Economists are not Fishermen
Give a man a fish, and he’ll eat for a day. Give an economist a fishery, and he’ll eat all the fishermen.
A recent piece for The Standard-Times in New Bedford, Massachusetts, glowingly describes how the Environmental Defense Fund (EDF), a long time champion of catch shares fisheries management, is providing some New England fishermen with business consultants and economic modeling in order to help them survive the transition to catch shares. The article fails to recognize that this sort of extraordinary intervention to keep fishermen from going out of business should never be required in the first place.
At Food & Water Watch, we talk a lot about the dangerous impulse to degrade our natural resources by selling, trading and speculating on them in the market. This exploitation of our natural resources threatens our basic access to food, water and fish, and jeopardizes the progress we have made cleaning up and preventing pollution.
Catch shares are one of these privatization schemes. These programs create markets for trading access to fish, and are often economically devastating to traditional, small-scale fishermen and the communities that depend upon them. In New England, just one year of catch shares management has caused significant job loss, industry consolidation, and hardship.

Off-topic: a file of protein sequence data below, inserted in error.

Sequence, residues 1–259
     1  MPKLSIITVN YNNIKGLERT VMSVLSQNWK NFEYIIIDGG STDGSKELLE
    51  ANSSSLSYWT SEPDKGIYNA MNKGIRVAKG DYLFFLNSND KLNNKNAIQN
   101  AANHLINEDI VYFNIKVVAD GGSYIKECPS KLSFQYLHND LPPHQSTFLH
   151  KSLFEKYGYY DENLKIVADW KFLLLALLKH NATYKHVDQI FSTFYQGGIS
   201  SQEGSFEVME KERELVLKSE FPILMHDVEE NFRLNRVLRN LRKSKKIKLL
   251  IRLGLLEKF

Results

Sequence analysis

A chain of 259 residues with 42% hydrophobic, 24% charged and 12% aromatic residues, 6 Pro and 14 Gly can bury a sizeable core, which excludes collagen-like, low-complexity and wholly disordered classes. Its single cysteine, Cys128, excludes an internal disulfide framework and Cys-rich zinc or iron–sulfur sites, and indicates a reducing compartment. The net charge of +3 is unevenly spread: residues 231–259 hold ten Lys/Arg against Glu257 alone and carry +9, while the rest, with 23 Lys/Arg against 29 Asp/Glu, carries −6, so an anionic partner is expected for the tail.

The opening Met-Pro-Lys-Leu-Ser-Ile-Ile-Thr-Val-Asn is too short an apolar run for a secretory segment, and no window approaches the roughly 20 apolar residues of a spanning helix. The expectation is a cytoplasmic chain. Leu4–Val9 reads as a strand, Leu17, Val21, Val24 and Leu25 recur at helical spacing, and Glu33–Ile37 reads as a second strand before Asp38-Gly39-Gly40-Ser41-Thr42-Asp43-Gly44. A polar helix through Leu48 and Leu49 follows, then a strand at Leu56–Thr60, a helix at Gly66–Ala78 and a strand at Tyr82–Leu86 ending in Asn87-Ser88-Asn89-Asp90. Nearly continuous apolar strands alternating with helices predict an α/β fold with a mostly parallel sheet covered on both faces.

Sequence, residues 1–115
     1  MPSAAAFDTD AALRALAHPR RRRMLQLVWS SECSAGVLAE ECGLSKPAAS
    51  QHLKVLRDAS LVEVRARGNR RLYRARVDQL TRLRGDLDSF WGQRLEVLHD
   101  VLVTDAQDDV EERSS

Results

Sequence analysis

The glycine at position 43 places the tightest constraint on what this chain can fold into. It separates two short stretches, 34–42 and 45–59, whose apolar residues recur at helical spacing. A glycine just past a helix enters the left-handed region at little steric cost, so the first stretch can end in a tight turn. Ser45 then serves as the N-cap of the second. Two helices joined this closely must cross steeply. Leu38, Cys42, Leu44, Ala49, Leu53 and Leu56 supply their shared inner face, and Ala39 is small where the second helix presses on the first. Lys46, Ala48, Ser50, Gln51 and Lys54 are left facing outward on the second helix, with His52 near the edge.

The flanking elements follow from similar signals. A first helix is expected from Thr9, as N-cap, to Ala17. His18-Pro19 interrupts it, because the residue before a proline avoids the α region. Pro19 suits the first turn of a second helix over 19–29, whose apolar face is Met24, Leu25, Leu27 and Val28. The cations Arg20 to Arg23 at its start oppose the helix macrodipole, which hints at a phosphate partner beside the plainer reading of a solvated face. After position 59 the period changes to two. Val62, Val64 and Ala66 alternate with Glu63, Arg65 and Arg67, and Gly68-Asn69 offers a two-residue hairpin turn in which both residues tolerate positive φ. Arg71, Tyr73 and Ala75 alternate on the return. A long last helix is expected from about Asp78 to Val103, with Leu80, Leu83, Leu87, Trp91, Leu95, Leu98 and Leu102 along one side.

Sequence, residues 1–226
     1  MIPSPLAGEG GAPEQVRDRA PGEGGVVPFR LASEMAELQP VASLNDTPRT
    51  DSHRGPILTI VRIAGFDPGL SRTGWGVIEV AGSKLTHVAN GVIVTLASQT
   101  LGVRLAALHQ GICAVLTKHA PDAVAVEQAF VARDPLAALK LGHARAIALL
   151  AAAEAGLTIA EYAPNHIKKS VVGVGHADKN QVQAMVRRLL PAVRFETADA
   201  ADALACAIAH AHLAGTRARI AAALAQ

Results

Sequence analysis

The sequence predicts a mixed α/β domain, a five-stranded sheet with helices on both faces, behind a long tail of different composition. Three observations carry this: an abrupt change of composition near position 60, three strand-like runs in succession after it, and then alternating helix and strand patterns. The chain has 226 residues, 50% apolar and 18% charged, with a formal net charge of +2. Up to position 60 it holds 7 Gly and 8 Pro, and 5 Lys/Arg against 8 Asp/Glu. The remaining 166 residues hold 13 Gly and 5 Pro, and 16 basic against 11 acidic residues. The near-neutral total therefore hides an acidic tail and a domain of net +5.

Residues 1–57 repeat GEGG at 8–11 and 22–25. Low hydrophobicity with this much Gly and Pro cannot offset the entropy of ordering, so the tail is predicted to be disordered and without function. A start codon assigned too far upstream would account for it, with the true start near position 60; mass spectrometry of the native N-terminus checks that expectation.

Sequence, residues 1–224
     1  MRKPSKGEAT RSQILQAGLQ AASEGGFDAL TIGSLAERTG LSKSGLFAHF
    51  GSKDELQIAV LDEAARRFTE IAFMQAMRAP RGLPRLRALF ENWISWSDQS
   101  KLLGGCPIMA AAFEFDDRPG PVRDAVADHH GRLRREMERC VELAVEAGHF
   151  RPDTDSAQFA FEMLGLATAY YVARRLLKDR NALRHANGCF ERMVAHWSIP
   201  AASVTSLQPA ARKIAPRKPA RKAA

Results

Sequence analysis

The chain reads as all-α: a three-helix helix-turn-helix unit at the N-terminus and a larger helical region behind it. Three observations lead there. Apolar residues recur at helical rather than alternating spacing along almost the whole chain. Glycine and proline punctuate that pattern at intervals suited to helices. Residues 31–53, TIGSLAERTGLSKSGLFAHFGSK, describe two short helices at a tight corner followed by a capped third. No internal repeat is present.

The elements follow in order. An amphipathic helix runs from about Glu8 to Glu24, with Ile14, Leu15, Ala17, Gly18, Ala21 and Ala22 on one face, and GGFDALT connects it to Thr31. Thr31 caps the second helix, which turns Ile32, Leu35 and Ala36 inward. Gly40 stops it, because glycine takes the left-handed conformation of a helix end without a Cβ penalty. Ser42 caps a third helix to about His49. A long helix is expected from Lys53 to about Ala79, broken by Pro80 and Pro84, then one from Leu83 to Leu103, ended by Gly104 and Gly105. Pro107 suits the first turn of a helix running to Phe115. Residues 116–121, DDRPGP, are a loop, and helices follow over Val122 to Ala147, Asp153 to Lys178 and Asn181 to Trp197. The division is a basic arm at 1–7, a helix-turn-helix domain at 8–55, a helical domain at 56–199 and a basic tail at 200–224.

It shouldn’t require a degree in economics to catch fish. But under catch shares, our fishermen are forced to buy access to fish from the private individuals who control it. Buying at the wrong time in this shadowy stock market can mean bankruptcy, particularly for smaller scale fishermen.
Our fishermen have generations of experience in their business, but now the rules have changed completely. Under catch shares, our fish are going to be caught by the best economists, not the best fishermen.
We can’t patch over the fundamental flaws of catch shares by importing the same methods and values that have turned our financial markets into such a disaster. Catch shares, and resource commodification in general, only create more problems than they solve. We shouldn’t be gambling with the livelihoods of our fishermen and the sustainability of our fisheries to exploit a public resource for private profit. Fishing isn’t an economic trend or school of thought; it’s an important job that provides food for consumers.